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A portfolio of acousmatic compositions

Hindmarsh, David (2010)
Ph.D. thesis, University of Birmingham.

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Abstract

This portfolio charts my development as a composer during a period of three years. The works it contains are all acousmatic; they investigate sonic material through articulation and gesture, and place emphasis on spatial movement through both stereophony and multi-channel environments. The portfolio is written as a personal journey, with minimal reference to academic thinking, exploring the development of my techniques when composing acousmatic music. At the root of my compositional work is the examination and analysis of recorded sounds; these are extrapolated from musical phrases and gestural movement, which form the basis of my musical language. The nine pieces of the portfolio thus explore, emphasise and develop the distinct properties of the recorded source sounds, deriving from them articulated phrasing and gesture which are developed to give sound objects the ability to move in a stereo or multi-channel space with expressive force and sonic clarity. There is also a strong use of the qualities and characteristics of the human voice in my work, particularly in the spectral domain – formant and resonant filtering processes are used in the pieces in this portfolio to enhance the organic nature of concrete, real-world sounds. The combination of spatialisation, gesture and phrasing, with appropriate signal processing for the sound materials, form the basis of the nine works presented here.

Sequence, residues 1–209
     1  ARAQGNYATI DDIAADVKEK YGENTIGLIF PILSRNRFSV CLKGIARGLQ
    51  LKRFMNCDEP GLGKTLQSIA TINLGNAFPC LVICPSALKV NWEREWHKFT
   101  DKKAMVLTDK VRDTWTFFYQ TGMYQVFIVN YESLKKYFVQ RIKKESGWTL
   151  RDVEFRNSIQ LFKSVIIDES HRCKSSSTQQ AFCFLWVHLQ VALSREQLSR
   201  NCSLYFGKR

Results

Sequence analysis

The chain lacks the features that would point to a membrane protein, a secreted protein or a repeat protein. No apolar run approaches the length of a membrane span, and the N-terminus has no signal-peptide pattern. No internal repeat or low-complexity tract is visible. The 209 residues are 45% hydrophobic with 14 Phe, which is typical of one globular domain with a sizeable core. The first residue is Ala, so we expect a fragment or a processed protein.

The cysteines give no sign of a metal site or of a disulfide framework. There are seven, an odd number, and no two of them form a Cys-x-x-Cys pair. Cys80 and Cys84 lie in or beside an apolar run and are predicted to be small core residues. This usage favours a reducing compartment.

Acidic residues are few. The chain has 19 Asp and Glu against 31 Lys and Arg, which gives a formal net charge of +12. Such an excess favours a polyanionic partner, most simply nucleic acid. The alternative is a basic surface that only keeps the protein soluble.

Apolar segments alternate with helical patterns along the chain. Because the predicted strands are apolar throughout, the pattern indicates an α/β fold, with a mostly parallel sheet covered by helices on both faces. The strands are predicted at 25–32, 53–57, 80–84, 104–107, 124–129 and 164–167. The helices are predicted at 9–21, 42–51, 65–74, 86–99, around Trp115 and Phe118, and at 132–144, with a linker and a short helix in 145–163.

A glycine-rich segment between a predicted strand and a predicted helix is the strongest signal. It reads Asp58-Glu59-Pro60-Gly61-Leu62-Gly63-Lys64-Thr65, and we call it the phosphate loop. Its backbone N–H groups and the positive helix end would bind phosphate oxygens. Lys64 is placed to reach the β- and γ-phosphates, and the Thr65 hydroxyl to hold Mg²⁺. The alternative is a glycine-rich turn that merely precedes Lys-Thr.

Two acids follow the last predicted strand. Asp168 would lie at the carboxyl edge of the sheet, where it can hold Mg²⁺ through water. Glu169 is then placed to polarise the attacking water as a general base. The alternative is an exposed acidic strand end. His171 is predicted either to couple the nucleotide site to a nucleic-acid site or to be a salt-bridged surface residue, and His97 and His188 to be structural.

Type of Work:Ph.D. thesis.
Supervisor(s):Harrison, Jonty
School/Faculty:Colleges (2008 onwards) > College of Arts & Law
Department:Department of Music
Subjects:M Music
Institution:University of Birmingham
ID Code:758
This unpublished thesis/dissertation is copyright of the author and/or third parties. The intellectual property rights of the author or third parties in respect of this work are as defined by The Copyright Designs and Patents Act 1988 or as modified by any successor legislation. Any use made of information contained in this thesis/dissertation must be in accordance with that legislation and must be properly acknowledged. Further distribution or reproduction in any format is prohibited without the permission of the copyright holder.
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